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Q: For many years whitewall tires were the most popular and most expensive tires you could buy, and I can't believe they have fallen out of favor these days. Can a person even purchase them anymore? Do you know why they lost popularity?

A: I don't know why whitewalls went out of favor. Your local retail tire store might not carry them, but you still can find some on the internet. But there is another option. When I was in high school, I used to install Port-a-Walls on tires for a used car dealer. They are fake whitewalls that cover the tire's original sidewall to dress them up.

A car checkup

Q: I have a 2007 Honda Civic EX with only 22,365 miles on it. The owner's manual says to change the oil when the dashboard indicator displays 15% oil life, and the indicator has never gone below 80%. Nonetheless, the dealer tells me that the oil needs to be changed on an annual basis. And every year the dealer finds hundreds of dollars of fixes that need to be done. Given the age of the car, should I really be taking it in every year for a checkup if I'm not having any problems?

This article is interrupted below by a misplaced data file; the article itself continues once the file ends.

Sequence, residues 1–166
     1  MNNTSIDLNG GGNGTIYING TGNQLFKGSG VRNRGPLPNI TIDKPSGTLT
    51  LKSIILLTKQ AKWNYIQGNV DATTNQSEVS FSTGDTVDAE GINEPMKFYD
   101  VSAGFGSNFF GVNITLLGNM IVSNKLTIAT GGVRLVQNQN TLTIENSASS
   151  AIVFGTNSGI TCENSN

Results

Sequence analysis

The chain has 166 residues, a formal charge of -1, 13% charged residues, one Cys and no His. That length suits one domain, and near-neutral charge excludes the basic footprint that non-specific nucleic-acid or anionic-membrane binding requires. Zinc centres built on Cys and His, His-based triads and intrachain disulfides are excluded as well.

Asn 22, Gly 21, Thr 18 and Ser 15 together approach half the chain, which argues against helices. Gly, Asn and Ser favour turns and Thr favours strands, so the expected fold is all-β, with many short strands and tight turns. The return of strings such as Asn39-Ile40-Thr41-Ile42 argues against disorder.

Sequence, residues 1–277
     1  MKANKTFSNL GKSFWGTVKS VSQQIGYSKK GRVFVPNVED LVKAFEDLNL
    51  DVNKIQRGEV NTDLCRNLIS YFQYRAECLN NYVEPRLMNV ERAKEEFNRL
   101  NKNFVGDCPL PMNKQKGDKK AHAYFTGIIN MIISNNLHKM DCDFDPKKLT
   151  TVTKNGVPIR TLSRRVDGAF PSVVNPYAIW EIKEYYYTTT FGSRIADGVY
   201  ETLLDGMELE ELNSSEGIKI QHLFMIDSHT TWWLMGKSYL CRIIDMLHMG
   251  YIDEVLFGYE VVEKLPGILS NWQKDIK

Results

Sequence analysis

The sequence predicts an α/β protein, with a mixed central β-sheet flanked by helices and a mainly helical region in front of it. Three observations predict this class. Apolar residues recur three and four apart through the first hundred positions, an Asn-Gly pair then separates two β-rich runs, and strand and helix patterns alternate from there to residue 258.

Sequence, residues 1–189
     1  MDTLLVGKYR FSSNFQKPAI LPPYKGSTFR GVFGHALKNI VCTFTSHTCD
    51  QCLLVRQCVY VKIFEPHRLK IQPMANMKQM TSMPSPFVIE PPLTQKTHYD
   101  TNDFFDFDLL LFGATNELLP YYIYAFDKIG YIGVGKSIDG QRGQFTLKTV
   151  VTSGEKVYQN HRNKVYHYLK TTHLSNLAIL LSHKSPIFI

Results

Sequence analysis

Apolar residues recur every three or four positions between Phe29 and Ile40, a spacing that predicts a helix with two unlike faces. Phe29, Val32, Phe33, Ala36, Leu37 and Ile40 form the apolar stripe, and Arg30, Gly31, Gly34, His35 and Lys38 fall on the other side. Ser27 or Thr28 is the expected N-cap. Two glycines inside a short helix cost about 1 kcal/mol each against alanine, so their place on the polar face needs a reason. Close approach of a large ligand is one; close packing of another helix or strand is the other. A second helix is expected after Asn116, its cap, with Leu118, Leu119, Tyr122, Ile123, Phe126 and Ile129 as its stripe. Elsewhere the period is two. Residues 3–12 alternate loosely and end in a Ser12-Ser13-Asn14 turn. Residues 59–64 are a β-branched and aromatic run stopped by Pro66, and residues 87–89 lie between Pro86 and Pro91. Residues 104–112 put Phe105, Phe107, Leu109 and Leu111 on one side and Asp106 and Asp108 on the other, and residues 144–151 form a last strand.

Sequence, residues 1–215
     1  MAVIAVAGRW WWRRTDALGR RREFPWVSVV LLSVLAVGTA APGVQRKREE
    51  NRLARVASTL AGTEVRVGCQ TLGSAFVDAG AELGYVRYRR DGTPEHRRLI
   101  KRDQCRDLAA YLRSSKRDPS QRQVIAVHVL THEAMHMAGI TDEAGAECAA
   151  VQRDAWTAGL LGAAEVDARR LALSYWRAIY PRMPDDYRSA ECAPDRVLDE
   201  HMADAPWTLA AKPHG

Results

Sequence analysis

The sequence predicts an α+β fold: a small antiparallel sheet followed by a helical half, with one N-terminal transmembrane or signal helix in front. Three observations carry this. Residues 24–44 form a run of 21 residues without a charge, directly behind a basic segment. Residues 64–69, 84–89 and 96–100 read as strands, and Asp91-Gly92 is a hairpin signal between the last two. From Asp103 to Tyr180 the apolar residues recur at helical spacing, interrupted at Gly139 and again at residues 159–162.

A: I preach the gospel of following the oil life monitor — most of the time. If your owner's manual calls for an annual oil change, do it. You're obviously not driving much, but short trips allow contaminants to build up, which causes the oil to degrade — even without driving. As for the annual checkups, with a car getting on in years, they're a good idea. Ask the dealer which of the recommended repairs need to be made right away for safety reasons and which can be dealt with later.

Beetle lust

Q: Years ago, I loved riding in my mom's yellow VW Beetle. I especially liked the side vent window. My Subaru Forester has that section of window for more unobstructed viewing, and it would be great if they were to make it a vent. Why don't car makers consider bringing back that feature?

A: The vent helped remove interior fog from the windows. Air conditioning does the job now.

Don't overdo it

Q: I've been following what you have said about inflating tires to what the auto manufacturer says on the door sticker. But what if I keep them inflated to the max PSI listed on the tire? I drive a 2011 Toyota Sienna. I would think that more air could help the mileage. Am I risking a blowout?

A: You wouldn't get better fuel economy or risk a blowout, but you would get a rougher ride.

Bob Weber is a writer, mechanic and ASE-certified Master Automobile Technician. His writing has appeared in automotive trade publications, Consumer Guide and Consumers Digest. Send automotive questions along with name and town to